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Editorial: Colleges Should Help Service Voter Registration Efforts for Students 

 With the city and county elections underway, and the upcoming presidential election around the corner, most college students unfortunately face significant challenges when trying to register to vote. 

Part of being in college is about getting ready for adult life. Being an adult, voting is one of the biggest freedoms and privileges. 

Many college students, especially those out of state, are unaware of the available options that can help them with registering to vote. 

Although some students may be aware of how to vote, some are not, and therefore there should be an on-campus service that assists students with how to register to vote and provide overall awareness of upcoming elections. 

According to InsideHigherEd.com, “during the 2020 elections only 66% of college students who were registered to vote cast their ballots, which is a 14 percent decrease from the 2016 election.” 

The impact of voter suppression on students of color also impacts the number of college students who struggle to vote.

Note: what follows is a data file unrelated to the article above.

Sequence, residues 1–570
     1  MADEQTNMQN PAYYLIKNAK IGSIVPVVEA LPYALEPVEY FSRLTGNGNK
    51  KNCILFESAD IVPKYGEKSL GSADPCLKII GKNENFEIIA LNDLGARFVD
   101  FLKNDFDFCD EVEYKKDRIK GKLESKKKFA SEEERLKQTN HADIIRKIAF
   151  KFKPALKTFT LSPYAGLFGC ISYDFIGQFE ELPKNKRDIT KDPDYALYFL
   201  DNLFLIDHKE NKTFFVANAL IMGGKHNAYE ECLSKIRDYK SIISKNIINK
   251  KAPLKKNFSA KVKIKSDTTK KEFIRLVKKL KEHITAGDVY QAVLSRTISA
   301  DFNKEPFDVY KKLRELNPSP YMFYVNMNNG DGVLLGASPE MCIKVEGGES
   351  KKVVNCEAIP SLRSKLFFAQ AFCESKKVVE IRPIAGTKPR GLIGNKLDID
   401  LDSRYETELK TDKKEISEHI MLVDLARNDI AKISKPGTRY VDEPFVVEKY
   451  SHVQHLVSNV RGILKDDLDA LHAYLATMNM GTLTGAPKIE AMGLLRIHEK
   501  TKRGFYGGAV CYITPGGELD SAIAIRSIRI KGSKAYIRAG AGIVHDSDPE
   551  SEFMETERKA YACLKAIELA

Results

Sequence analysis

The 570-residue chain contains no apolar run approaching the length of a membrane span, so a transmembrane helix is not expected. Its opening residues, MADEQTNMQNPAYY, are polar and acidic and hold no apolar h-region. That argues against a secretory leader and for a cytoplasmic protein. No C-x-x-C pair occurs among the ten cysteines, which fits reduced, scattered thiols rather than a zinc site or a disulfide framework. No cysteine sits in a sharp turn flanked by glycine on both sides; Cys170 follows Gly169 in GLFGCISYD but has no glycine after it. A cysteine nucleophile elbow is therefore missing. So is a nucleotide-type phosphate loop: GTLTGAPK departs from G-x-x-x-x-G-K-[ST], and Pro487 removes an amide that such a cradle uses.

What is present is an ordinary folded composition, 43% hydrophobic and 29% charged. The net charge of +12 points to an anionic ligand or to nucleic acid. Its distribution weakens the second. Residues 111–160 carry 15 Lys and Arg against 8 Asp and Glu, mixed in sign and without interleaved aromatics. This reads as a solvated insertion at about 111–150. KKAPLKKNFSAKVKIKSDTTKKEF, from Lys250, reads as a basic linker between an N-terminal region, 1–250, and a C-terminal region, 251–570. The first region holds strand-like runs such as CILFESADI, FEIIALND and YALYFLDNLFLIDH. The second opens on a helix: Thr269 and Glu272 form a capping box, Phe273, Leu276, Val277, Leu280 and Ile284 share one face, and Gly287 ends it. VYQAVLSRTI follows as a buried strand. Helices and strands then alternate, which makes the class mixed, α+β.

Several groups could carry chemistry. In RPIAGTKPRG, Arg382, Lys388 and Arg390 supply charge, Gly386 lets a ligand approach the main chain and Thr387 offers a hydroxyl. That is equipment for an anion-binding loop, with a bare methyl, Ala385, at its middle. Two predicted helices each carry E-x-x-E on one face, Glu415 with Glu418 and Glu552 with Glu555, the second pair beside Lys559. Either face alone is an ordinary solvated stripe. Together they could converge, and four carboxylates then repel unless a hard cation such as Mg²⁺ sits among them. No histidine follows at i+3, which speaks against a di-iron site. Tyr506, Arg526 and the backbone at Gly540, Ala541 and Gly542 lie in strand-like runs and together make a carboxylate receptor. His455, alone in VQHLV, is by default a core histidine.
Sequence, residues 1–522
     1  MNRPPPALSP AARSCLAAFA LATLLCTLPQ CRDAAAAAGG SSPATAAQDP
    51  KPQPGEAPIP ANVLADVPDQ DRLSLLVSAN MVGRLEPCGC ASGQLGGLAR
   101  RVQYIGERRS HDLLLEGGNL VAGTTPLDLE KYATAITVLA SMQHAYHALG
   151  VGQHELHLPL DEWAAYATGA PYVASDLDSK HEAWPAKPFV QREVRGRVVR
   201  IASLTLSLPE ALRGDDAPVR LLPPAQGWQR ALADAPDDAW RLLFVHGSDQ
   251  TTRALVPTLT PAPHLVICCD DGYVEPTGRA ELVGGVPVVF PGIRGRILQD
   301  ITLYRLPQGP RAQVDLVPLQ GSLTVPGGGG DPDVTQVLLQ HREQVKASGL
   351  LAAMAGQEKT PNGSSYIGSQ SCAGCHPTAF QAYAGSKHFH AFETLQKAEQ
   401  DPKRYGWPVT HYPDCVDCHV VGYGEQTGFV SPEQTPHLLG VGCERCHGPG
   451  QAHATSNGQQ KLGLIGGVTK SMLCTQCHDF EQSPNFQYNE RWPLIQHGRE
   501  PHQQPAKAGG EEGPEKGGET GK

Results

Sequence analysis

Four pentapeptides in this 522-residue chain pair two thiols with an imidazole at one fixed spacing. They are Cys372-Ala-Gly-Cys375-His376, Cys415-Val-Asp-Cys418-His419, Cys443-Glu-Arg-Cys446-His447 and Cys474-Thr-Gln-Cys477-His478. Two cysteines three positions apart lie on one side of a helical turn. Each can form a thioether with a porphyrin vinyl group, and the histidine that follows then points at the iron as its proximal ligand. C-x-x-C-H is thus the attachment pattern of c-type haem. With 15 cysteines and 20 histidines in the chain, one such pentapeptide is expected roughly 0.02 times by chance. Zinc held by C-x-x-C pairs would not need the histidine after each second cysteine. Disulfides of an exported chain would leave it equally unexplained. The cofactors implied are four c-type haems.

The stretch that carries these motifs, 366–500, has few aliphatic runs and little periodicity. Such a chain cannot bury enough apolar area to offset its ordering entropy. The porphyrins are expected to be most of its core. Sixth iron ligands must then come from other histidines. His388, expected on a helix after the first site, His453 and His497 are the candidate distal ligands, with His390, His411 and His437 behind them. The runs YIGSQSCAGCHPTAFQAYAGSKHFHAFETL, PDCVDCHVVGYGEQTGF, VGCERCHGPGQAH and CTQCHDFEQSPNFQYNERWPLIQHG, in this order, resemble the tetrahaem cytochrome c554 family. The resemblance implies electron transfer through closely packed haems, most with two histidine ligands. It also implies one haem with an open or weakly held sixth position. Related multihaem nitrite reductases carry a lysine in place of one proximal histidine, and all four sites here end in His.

“It is also far more difficult for members of minority communities to be able to locate polling places on Election Day.” “Only 5 percent of white survey respondents reported that they had trouble finding polling locations, compared to 15 percent of African American and 14 percent of Hispanic respondents”, said American Bar Association. 

VSU once provided a service that assisted students with voter registration, but that service was defunded. 

The spread of awareness about elections is very small. Even with local elections, many students are not involved due to lack of information. However, Organizations on campus have found ways to get students active in voting, but there should still be more representatives involved. 

Professors can also spread awareness to students, but there is a possibility of bias.  

Let us build a community that encourages and helps students get ready to vote. College students are a large part of the population, and we have a right to be heard. 

This editorial reflects the general opinion of The Spectator staff. 

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